Competition imperative for NBN success says anti-Telstra lobby group
- 13 June, 2008 11:34
The T4 group has made available on its Web site presentations made by economic and telecommunications industry experts at the T4 national broadband network regulatory seminar, held in Canberra last week.
The event was to be presented to Senator Conroy's expert panel tasked with assessing proposals for the regulatory framework and building of the national broadband network (NBN).
But executive director of the Competitive Carriers Coalition, David Forman, said attendees were shocked to discover that while representatives from Senator Conroy's office, the Department of the Treasury and the Department of Prime Minister and Cabinet were present, the NBN expert panel had snubbed the event.
"The department didn't let them come, they were invited," Forman said.
"The Minister actually sent his advisers along to listen, so he clearly saw the value of the event and of remaining informed in the debate. [But] it would be an absolute failure of responsibility by the department not to communicate this whole thing back to the panel. How they intend to do that, I don't know, it surprised everyone."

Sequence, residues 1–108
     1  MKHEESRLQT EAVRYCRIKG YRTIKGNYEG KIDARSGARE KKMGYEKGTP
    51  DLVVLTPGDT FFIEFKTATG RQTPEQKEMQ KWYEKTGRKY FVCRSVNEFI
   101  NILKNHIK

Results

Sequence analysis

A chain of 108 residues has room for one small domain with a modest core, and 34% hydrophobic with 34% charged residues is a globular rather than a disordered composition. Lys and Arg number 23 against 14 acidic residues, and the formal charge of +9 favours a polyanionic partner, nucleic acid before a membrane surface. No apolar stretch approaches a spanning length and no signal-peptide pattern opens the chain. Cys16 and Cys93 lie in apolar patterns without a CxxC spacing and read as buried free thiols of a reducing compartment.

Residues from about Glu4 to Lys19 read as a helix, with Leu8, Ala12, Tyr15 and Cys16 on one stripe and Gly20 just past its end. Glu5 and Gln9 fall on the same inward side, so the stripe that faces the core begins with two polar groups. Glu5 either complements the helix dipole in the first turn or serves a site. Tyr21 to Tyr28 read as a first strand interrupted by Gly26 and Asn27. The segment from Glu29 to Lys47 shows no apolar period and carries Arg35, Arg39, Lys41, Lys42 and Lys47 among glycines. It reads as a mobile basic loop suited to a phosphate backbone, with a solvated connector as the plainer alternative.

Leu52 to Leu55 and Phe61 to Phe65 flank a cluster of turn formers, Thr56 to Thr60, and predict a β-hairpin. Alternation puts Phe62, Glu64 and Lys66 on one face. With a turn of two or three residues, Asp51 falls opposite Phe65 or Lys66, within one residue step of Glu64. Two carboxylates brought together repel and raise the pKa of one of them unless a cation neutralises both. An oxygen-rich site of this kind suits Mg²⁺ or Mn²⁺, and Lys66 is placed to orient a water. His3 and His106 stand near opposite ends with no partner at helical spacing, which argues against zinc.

International speakers from the OECD, Dutch telco KPN and British Telecom, joined Australian economists and analysts to discuss regulation of the National Broadband Network and the future of telecommunications policy in Australia.
"The one theme that united everyone and was common across all speakers from around the world, is that the focus has to be on getting a set of regulatory arrangements in place that create more competition than we have today, not less," Forman said.
"To have a national broadband network is a terrific ambition, but a more important ambition is to have a NBN that results in a more competitive Australian telecommunications market place and therefore a more competitive economy."
Media buzz centred around a report presented at the T4 event by the Centre for International Economics that claimed the Australian economy would suffer and consumers would pay 15 percent more, or $897 million, for broadband services if Telstra won the contract to build and manage the NBN (see slide).
Telstra responded swiftly, calling the CIE report a bogus, dishonest distortion designed to delay the process.
Forman hit back at Telstra's dismissal of the report, saying that if the CIE's numbers are bogus it is Telstra's fault, because the CIE's calculations are based on build cost estimates the incumbent provided publicly to the market.
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